The current vision for state education is fatally blurred: Discuss!

Melissa Benn's picture

Yesterday, the Guardian published an excellent piece by journalist John Harris on the death of creativity and enjoyment of learning our state school system. The piece has caused a lot of BTL ( Below the Line) comment, with many people agreeing with his analysis.

In essence, Harris argued that changes to the curriculum have created an unhealthily competitive and constricted atmsphere in many schools, and particularly for very young children.

Worse, it is producing a state system that aims to mimic the kind of private school education that many on the Tory front bench enjoyed. This may well be leading, in certain wealthy urban locations, to the return of some upper/ middle class families to the state system ( see my recent LSN article on this development here)  partly as a result of the pressure of rising private school fees, partly because a mix of selection ( overt and covert) and elitist values make such institutions 'safe spaces'  for the better off but it is a kind of state school success that has little to do with a vision of education as a place where communities can learn together.

He also reminds us that even in the darkest Thatcherite days, when education was severely underfunded, there were schools and teachers that were doing an excellent job, and thousands of young people who got a good education. Where would you hear that in today's conformist atmosphere, with most of the educational press/media seeming to subscribe to an ahistorical view of education and all intellectual ambition ascribed to the recent, punitive policies of the Conservatives?

Harris's passionate piece seems to me to touch on many of the issues that we discuss here on the LSN and in our recent book The Truth About Our Schools - so I thought I would re-post it here for LSN readers and open up further discussion of its themes.



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Janet Downs's picture
Sun, 14/02/2016 - 08:29

The description in the Guardian article about the little girls engaging with a story by picking out 'noun - verb' makes me angry.  The purpose of literature (and I'm not necessarily talking about the Literary 'canon' beloved of school ministers) is enjoyment.  It may also move, amuse, inspire - but it will do none of these unless it is enjoyed.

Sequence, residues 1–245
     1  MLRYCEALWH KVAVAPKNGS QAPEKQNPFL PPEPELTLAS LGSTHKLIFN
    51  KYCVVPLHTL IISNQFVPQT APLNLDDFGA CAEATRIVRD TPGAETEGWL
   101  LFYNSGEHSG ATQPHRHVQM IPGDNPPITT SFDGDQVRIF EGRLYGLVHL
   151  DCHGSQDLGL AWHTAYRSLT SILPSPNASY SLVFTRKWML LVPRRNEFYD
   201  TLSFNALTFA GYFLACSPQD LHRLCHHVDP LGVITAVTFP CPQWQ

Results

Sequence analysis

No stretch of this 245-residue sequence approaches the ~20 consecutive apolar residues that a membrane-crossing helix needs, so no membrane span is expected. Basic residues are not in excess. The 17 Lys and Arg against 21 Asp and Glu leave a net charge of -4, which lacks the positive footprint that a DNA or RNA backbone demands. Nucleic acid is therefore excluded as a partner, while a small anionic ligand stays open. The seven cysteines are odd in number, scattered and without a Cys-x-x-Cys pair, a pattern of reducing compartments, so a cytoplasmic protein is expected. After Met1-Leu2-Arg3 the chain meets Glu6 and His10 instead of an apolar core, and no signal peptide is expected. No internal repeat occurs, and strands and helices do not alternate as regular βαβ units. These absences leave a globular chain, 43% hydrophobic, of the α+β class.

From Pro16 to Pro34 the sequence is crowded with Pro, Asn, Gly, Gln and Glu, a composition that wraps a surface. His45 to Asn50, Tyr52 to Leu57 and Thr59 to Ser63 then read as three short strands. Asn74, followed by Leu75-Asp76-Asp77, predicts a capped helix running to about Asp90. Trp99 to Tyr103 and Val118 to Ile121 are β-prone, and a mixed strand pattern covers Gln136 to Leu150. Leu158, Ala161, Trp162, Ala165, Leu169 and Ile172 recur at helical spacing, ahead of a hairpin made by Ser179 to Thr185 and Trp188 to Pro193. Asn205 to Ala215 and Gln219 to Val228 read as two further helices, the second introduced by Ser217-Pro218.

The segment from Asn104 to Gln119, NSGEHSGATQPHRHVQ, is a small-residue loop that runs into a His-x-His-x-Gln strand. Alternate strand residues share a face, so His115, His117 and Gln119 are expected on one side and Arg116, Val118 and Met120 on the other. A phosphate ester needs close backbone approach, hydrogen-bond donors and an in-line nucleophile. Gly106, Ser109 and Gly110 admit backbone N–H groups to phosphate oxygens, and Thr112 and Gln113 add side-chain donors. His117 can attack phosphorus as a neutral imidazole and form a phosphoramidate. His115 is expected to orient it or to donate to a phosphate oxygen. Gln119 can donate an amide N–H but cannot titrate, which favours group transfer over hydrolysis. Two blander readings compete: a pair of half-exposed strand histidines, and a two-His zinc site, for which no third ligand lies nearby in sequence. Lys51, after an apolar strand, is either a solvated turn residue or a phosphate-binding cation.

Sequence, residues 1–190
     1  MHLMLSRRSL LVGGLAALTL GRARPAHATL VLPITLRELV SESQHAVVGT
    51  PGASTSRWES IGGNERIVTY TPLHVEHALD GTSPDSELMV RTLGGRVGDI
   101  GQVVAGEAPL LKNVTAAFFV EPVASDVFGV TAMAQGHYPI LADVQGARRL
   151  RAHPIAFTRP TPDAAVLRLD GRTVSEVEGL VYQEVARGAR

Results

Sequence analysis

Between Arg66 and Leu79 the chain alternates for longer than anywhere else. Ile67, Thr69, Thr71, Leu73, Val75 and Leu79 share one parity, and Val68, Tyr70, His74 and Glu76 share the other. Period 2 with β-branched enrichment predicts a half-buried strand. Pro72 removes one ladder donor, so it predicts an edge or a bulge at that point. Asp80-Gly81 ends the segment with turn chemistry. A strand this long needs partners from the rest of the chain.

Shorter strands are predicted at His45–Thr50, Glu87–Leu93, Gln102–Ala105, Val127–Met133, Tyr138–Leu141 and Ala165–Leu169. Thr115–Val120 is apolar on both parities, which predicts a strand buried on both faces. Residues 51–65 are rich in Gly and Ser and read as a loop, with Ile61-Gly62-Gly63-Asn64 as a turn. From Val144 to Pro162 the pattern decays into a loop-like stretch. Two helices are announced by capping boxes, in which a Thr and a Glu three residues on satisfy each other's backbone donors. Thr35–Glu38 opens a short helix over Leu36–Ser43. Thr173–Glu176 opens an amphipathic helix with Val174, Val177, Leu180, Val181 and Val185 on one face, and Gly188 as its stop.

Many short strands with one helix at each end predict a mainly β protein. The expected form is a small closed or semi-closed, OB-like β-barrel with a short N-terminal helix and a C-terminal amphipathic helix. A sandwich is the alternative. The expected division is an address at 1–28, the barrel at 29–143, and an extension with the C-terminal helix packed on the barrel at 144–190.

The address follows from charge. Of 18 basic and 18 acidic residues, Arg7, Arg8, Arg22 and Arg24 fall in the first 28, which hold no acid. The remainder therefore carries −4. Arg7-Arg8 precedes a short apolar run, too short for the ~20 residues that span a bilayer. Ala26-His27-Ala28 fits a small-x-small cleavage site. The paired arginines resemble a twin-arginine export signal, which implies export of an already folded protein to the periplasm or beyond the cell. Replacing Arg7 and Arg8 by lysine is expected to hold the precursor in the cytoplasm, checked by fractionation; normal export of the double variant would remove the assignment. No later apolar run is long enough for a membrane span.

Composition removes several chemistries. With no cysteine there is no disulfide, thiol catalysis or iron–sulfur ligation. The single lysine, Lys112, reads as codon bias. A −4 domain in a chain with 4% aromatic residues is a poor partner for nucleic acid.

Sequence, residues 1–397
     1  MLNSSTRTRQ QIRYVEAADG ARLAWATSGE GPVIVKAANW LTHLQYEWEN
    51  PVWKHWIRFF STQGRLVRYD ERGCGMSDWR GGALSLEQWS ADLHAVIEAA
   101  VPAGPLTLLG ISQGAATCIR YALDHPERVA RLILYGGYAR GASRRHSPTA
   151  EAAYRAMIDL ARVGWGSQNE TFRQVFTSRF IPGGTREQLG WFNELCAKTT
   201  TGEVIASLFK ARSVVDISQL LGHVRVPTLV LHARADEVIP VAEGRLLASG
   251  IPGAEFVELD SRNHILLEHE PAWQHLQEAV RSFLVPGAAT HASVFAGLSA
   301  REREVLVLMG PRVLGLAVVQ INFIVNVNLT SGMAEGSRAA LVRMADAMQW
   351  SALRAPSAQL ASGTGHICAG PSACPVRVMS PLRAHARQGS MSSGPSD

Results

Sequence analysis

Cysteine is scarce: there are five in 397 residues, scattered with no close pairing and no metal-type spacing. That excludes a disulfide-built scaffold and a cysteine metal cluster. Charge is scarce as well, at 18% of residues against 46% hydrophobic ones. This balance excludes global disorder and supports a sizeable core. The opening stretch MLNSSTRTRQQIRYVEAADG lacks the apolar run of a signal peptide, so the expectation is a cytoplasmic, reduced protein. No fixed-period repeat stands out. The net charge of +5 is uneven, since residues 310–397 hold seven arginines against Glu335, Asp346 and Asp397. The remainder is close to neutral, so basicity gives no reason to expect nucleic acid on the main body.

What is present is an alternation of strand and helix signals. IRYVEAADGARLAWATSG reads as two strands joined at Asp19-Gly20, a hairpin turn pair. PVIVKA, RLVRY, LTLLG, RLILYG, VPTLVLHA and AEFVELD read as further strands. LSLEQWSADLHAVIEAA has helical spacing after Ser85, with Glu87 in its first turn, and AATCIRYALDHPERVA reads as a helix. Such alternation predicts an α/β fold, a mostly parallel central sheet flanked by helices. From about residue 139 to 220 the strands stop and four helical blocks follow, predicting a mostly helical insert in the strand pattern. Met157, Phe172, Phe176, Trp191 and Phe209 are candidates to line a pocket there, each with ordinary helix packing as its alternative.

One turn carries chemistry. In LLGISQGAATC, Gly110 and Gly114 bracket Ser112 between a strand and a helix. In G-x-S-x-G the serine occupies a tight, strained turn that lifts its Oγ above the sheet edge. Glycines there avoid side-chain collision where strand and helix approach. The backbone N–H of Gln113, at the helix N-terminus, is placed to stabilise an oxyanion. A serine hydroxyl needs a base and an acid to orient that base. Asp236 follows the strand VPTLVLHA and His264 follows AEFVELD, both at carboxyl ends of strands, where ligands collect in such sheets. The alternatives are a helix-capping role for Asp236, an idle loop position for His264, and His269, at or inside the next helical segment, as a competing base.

Splitting stories and poetry into their component parts  does not enhance enjoyment.  Rather it reduces literature to something which must be dissected for no better purpose than to pass a test.  And does this test assess appreciation and understanding?   No - it presents sentences out of context and asks pupils to identify a verb, clause, phrase....

This is supposed to introduce pupils to 'the best which has been thought and said in the world' - that's the lofty ideal put forward by those behind these abominable tests.   But they don't.  They reduce the best of what has been and continues to be thought, said and sung to a corpse laid out for dismemberment.



Emma Bishton's picture
Tue, 15/03/2016 - 11:01

And the stakes get ever higher - apparently my year 6 daughter needs to be able answer questions about subjunctives in this year's SATs! I can remember having to get to grips with the subjunctive whilst learning classics and MFL at secondary school, and I can see that an understanding of grammar is useful when learning other languages. But I'm very sure I was never required to know that the subjunctive even exists as a concept, let alone be able to identify and use it, whilst at primary school. What, after all, would have been the point? As Janet points out, knowing about the subjunctive has done nothing to promote enjoyment of any book I've since read. The teacher faced with this requirement has two choices: to leave out subjunctives and risk all her pupils staring disconsolately at words they have never seen before in exam conditions, or to spend time teaching it (instead of using that time to reinforce something else that might be more useful) and hope that some of them can remember enough about it to have a go at answering the question. Either way, there's a very strong likelihood that a lot of pupils will emerge from the exam feeling less confident about their knowledge of English than they were when they went in. But then I suppose as John Harris points out, if ministers are actually after a system in which the majority of pupils learn quickly that their place is outside the elite rather than in the mix, then they will achieve what they are after.

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